The biological functions of VEGF are mediated through two different tyrosine kinase receptors, VEGFR-1 (Flt-1) and VEGFR-2 (KDR/Flk-1) (Ferrara and Davis Smyth 1997). Both VEGFR-1 and VEGFR-2 bind VEGF with high affinity and are expressed predominately on endothelial cells, yet both receptors can be expressed on tumor cells (Herold-Mende et al. 1999). Recently neuropilin-1 (NP-1), a 130–135-kDa glycoprotein, was found to bind VEGF, suggesting a possible role in vascularity. In contrast to VEGFR-1 and VEGFR-2, NP-1 lacks an intracellular tyrosine kinase domain and acts as a co-receptor enhancing the binding of VEGF165 to VEGFR-2 (Soker et al. 1998). NP-1 is associated with VEGF expression and tumor vascularity in human astrocytomas (Ding et al. 2000). Modulation of VEGF and/or VEGF receptor function may have therapeutic potential for brain cancer management.
Although previous studies have shown that gangliosides influence growth and angiogenesis, the mechanisms involved remain unclear (Manfredi et al. 1999; Zeng et al. 2000). In this study, we examined the effects of shifting the distribution of GM3 and complex gangliosides (GM1 and GD1a) on the growth and angiogenic properties of the CT-2A astrocytoma. An antisense GalNAc-T plasmid, pcDNA3.1/TNG, was produced and transfected into CT-2A tumor cells (CT-2A/TNG). This elevated GM3 while reducing GM1 and GD1a. Brain tumor growth and vascularity was significantly lower in CT-2A/TNG tumors than in control CT-2A and CT-2A/V (mock-transfected or vector alone) tumors. In addition, we observed a reduction in HIF-1α and NP-1 mRNA expression in the CT-2A/TNG tumor cells, indicating a possible mechanism by which gangliosides may modulate tumor angiogenesis.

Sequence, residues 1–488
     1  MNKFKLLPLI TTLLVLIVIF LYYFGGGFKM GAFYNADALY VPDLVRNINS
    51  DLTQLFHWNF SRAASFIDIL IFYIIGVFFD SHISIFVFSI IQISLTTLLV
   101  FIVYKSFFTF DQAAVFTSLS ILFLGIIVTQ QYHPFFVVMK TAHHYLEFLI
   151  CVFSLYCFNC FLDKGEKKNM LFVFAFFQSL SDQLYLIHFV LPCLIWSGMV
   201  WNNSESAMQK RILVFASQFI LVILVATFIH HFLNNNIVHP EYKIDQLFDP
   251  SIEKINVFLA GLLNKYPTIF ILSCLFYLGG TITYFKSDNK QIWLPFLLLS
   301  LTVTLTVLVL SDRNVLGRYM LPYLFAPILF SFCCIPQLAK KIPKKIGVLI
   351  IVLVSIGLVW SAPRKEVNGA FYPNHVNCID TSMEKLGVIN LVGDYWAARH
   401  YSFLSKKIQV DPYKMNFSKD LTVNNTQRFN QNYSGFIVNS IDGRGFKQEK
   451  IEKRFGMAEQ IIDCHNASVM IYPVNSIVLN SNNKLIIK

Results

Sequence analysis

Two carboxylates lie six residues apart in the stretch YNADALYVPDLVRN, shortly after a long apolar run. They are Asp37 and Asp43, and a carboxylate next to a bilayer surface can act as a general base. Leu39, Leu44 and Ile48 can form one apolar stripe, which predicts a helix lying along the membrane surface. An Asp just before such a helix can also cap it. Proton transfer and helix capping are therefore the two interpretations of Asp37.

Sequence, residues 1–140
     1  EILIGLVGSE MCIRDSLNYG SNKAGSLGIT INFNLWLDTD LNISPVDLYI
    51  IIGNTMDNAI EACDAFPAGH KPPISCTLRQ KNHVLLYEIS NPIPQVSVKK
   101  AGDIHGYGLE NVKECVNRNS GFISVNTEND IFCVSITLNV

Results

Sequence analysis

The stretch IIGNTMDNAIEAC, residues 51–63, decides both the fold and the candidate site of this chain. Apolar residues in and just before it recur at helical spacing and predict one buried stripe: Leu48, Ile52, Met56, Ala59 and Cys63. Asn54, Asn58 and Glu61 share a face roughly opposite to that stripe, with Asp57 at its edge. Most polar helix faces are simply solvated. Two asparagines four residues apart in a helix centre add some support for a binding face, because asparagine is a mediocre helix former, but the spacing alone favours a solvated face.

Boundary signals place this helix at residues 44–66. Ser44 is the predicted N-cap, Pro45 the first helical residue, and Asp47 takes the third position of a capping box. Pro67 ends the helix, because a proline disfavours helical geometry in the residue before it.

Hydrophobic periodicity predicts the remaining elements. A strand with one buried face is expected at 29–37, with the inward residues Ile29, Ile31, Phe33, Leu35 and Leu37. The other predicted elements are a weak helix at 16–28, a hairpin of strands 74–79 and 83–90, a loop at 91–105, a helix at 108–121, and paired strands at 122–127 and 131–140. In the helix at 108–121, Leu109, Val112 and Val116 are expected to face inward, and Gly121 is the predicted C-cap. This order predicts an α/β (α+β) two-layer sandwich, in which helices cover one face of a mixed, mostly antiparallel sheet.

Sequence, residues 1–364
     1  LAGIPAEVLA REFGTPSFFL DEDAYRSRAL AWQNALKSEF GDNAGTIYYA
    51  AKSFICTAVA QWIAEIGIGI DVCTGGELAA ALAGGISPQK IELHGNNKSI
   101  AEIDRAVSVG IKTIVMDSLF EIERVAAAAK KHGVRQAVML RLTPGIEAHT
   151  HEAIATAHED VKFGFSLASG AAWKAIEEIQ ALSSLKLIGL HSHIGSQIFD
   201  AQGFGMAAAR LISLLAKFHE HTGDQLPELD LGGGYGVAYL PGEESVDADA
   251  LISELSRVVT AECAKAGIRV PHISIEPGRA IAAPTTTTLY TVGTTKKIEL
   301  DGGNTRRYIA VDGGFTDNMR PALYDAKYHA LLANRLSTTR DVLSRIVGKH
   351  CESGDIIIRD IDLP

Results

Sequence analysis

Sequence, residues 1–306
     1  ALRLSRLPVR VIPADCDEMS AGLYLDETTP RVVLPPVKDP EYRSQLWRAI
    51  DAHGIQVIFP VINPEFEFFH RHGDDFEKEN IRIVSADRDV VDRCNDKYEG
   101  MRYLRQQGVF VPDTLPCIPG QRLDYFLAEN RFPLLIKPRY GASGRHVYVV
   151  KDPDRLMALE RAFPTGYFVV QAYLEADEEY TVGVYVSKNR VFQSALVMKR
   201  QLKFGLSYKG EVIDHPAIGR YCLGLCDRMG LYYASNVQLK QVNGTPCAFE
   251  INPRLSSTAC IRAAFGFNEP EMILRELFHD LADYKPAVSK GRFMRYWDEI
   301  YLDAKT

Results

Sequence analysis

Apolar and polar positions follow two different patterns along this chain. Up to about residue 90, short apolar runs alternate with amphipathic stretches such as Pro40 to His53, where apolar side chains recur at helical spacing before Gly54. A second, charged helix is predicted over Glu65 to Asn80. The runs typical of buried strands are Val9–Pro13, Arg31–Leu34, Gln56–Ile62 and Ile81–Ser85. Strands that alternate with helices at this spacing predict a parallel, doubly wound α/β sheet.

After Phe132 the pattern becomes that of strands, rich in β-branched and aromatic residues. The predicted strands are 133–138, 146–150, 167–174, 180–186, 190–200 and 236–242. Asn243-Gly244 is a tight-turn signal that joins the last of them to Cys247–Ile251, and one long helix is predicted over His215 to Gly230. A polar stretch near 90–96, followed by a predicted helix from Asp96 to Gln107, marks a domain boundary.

Mice and experimental brain tumors
The C57BL/6J (B6) strain and the BALBc/J-severe combined immunodeficient (SCID) strain were obtained from the Jackson Laboratory (Bar Harbor, ME, USA). The mice were propagated in the animal care facility of the Department of Biology of Boston College, using the animal husbandry conditions described previously (Flavin et al. 1991). The syngeneic mouse brain tumor, CT-2A, was originally produced by implantation of a chemical carcinogen, 20-methylcholanthrene, into the brains of B6 mice (Zimmerman and Arnold 1941; Seyfried et al. 1992). The CT-2A tumor arose in the cerebral cortex and was characterized as a malignant anaplastic astrocytoma (Seyfried et al. 1992). The morphological, biochemical and growth characteristics of the CT-2A brain tumor have been previously described (Seyfried et al. 1992). Male B6 mice (8–12 weeks of age) were used as tumor recipients. All animal experiments were carried out with the ethical committee approval in accordance with the National Institutes of Health Guide for the Care and Use of Laboratory Animals and approved by the Institutional Care Committee.
The CT-2A cell line was established as previously described by Seyfried et al. (1992). All CT-2A tumor cell lines were maintained in Dulbecco's modified Eagle's medium (DMEM) (Sigma, St Louis, MO, USA) supplemented with 10% fetal bovine serum (Sigma) and 0.5% penicillin/streptomycin (Sigma). The cells were cultured in a CO2 incubator with a humidified atmosphere containing 95% air and 5% CO2 at 37°C.